Take a look at Lush for another great example. They clearly tell their customers that their products are 100% vegetarian, not tested on animals, ethically sourced, and handmade. 

Potential customers can then read up on these policies and why they matter to the company. If you care about any of these causes, the simple icons on the website homepage will ensure you’re more likely to convert. 

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Contact details 

Every business website needs proper contact details to prove legitimacy. If all you offer is a contact form, chances are your new visitors will start to think you may be running a scam. 

Including just your email address isn’t enough, either. You’ll want to show your customers that you’re available in person and honestly care about their concerns and complaints. If they have a question to ask, they need to know where to direct it and when to expect an answer. 

A brand that’s nailed this is Clockify. They have a live chat option at the bottom of the screen. They’ve listed their physical address and phone number, so you know they’re legitimate. But what really shows their commitment is their “world-class customer support” section.

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From there, they direct you to their contact page, where you can choose between email, live chat, or a phone call. But they also tell you they’re available 24/7, and their response times are less than an hour.

If you are considering using their product or service, even though it’s free and you don’t need to overcome a transactional obstacle, you can be sure your questions will be answered. 

Further contributing to Clockify’s availability are the social media links in the homepage’s footer. Social support has become a standard component of customer service, and these icons go a long way toward giving the band a greater sense of accessibility. 

Detailed earned media spots 

Many brands brag with an “as seen in” element on their website homepage. They usually list all the biggest publications like Forbes or The New York Times. However, how can a website visitor know that the news outlet actually featured the brand? Anyone can throw a logo on their homepage; why should you trust it?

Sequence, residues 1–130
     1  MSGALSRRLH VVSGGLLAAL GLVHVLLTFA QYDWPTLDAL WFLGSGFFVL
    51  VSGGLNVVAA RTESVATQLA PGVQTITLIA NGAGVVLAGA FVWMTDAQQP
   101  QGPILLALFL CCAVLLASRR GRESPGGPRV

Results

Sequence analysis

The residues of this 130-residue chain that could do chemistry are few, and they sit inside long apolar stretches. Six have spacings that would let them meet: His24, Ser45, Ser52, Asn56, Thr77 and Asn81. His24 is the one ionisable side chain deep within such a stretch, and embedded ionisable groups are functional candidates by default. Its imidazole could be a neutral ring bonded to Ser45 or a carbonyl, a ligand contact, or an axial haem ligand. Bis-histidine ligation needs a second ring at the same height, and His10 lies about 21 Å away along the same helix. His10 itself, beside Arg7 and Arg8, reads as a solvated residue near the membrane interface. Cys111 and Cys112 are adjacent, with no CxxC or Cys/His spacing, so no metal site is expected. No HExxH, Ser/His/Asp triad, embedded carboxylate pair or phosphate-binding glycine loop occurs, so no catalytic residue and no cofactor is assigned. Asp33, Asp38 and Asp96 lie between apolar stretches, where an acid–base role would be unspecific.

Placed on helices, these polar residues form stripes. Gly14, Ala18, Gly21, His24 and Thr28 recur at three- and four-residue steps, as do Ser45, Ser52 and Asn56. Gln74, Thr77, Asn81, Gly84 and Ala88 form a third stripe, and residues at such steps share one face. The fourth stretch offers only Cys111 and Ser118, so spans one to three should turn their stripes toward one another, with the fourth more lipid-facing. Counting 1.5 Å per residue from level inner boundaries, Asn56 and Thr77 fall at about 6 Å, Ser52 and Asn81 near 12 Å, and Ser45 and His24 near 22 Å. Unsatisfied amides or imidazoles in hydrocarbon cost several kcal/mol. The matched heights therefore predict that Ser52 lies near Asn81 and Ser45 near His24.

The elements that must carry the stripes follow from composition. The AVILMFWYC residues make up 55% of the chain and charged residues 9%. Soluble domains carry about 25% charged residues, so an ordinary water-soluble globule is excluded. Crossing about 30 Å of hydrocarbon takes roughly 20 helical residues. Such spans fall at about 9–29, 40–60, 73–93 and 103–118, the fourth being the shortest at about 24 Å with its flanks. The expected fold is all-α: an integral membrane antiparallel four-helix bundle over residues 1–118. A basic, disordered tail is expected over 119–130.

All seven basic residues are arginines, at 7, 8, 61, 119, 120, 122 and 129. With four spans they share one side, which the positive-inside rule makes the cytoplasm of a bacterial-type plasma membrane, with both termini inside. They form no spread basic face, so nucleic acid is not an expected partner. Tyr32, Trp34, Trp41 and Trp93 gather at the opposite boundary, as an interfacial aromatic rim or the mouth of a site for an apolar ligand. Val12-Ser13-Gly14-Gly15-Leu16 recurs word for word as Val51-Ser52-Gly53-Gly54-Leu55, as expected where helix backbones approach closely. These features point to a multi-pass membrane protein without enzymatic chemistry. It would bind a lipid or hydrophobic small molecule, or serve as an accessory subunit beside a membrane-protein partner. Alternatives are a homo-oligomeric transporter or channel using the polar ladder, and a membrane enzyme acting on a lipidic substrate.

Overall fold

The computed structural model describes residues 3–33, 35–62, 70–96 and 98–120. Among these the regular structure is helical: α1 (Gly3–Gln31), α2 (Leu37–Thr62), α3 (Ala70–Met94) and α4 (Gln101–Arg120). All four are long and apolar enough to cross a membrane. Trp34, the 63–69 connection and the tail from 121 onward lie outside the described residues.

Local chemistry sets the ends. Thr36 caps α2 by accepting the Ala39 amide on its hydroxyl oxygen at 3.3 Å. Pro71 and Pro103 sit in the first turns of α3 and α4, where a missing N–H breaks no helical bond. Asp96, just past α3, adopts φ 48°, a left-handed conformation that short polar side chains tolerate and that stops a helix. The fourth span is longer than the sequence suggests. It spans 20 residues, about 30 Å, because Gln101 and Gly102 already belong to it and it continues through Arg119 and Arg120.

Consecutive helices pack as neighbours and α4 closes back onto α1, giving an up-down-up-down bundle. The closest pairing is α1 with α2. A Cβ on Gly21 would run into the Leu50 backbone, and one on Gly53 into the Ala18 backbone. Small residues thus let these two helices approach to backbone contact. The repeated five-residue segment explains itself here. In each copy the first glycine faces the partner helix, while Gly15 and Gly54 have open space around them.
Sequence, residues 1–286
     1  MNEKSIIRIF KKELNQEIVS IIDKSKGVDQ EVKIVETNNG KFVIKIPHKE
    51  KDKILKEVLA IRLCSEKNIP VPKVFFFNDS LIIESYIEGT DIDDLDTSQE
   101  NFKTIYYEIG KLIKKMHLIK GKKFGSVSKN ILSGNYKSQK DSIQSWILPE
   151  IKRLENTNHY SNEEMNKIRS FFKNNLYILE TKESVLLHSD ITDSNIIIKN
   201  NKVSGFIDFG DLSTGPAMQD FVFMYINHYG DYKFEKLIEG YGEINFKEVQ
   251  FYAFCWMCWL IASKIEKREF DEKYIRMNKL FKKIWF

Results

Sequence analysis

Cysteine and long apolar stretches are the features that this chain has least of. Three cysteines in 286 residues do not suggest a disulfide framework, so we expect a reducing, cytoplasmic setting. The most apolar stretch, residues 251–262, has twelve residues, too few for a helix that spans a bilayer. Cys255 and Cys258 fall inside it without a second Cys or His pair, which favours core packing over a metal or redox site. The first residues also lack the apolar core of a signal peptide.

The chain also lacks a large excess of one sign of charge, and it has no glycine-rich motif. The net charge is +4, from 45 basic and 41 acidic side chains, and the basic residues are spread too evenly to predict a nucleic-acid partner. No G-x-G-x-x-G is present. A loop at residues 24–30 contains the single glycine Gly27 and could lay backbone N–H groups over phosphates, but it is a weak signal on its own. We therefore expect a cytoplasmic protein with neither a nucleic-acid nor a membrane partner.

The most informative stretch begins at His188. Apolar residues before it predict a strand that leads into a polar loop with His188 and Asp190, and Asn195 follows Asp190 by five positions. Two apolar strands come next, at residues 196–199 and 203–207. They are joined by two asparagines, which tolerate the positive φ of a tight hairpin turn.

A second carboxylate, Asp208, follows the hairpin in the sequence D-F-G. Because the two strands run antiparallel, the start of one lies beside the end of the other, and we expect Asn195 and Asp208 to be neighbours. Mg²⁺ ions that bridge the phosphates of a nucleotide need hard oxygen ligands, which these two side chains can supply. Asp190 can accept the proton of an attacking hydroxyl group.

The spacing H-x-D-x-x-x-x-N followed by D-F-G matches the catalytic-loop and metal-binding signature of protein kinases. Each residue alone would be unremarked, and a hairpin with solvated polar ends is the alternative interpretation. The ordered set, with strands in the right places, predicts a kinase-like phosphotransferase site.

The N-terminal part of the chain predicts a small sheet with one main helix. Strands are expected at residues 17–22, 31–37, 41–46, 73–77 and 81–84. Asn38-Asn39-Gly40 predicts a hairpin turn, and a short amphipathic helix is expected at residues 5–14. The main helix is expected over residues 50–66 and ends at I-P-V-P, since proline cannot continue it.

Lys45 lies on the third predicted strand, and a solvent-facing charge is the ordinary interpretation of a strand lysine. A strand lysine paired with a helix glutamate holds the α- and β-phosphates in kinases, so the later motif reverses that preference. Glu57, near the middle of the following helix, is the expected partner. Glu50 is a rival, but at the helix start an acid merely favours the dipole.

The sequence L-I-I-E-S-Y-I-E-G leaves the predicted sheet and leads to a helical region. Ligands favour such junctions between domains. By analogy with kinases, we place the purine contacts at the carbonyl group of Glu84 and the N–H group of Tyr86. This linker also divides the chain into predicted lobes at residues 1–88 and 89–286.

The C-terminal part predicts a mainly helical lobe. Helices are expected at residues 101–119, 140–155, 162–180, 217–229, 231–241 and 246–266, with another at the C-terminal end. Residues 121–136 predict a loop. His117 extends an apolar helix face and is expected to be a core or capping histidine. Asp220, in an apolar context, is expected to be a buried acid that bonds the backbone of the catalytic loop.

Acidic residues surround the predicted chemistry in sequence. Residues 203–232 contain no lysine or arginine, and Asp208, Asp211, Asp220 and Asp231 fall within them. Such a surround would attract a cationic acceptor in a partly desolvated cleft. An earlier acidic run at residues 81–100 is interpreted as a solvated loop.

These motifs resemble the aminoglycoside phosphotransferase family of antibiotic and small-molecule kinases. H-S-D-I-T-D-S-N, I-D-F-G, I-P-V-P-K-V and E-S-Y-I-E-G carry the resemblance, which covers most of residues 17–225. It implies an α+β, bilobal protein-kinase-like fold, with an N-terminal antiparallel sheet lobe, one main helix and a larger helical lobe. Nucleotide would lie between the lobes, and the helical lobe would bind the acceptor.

You can always link to the articles, but that’ll drive traffic away from your homepage and require visitors to read an article they probably don’t have the time for. 

A much better solution is what Gili Sports did on their website homepage. They feature a very brief snippet from each of their media mentions, which serve as superb testimonials of the quality of their products. If Forbes says they’ve built something special, you can bet their product is awesome.

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Social proof 

Speaking of testimonials: customer testimonials and reviews are elements of social proof you should consider featuring on your homepage. You can also use customer videos and case studies. 

Choose the format you think would sway your potential customers most effectively. 

Who do they want to hear from? Their peers? Experts? Influencers?

Let’s look at some examples of brands that have gone the extra mile with social proof.

Mannequin Mall has a great review flyout showing product and brand reviews. It’s an amazing way to expose customers to the quality of the products before they even hit a product page. 

Most brands reserve product reviews to product pages, banking on the fact that customers will get that far into the website. But what about those who don’t? A solution like this is simple to implement and very convenient for new visitors unfamiliar with your brand. 

They don’t have to click through several pages to gauge the overall quality of a brand’s products. The social proof is right there for them to browse on the homepage. 

The mannequin retailer has also extended their social proof in this element to include general reviews of their site and their products. Most e-commerce websites prioritize their products when displaying customer reviews, which is a nice touch that makes the brand seem even more reliable.

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Another great example is Baremetrics. This analytics platform chose to highlight their available integrations and the logos of the companies they have worked with. 

Since they’re dropping some big names, it makes them easy to trust.

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Wrapping up 

Before mapping out a homepage design, consider the points covered in this post. Of course, you might not be able to (or even want to) feature all of these elements. Just make sure to discuss which would be the most impactful with your team and members of your target audience. 

Also, remember that A/B testing plays an important role in homepage design. If possible, consider rolling out certain design elements incrementally and testing different versions of these elements against each other.

Once you find the right combination of optimized elements, your homepage will work for you day in and day out. We wish you success!